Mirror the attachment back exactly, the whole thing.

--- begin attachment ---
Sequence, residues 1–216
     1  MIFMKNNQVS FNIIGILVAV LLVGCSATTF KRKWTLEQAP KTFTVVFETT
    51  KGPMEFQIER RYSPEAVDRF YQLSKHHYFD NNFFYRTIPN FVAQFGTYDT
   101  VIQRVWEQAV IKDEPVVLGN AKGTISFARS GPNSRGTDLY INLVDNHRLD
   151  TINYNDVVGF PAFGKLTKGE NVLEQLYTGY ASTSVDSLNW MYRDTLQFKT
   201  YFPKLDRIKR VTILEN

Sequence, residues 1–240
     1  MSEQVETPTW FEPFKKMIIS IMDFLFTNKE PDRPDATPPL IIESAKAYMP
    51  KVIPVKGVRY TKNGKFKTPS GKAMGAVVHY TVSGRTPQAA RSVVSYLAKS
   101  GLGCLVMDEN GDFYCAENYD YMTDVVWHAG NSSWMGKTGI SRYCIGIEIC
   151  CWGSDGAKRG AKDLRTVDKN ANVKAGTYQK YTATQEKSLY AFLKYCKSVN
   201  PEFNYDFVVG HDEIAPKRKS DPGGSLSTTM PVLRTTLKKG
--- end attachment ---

Sequence, residues 1–216
     1  MIFMKNNQVS FNIIGILVAV LLVGCSATTF KRKWTLEQAP KTFTVVFETT
    51  KGPMEFQIER RYSPEAVDRF YQLSKHHYFD NNFFYRTIPN FVAQFGTYDT
   101  VIQRVWEQAV IKDEPVVLGN AKGTISFARS GPNSRGTDLY INLVDNHRLD
   151  TINYNDVVGF PAFGKLTKGE NVLEQLYTGY ASTSVDSLNW MYRDTLQFKT
   201  YFPKLDRIKR VTILEN

Sequence, residues 1–240
     1  MSEQVETPTW FEPFKKMIIS IMDFLFTNKE PDRPDATPPL IIESAKAYMP
    51  KVIPVKGVRY TKNGKFKTPS GKAMGAVVHY TVSGRTPQAA RSVVSYLAKS
   101  GLGCLVMDEN GDFYCAENYD YMTDVVWHAG NSSWMGKTGI SRYCIGIEIC
   151  CWGSDGAKRG AKDLRTVDKN ANVKAGTYQK YTATQEKSLY AFLKYCKSVN
   201  PEFNYDFVVG HDEIAPKRKS DPGGSLSTTM PVLRTTLKKG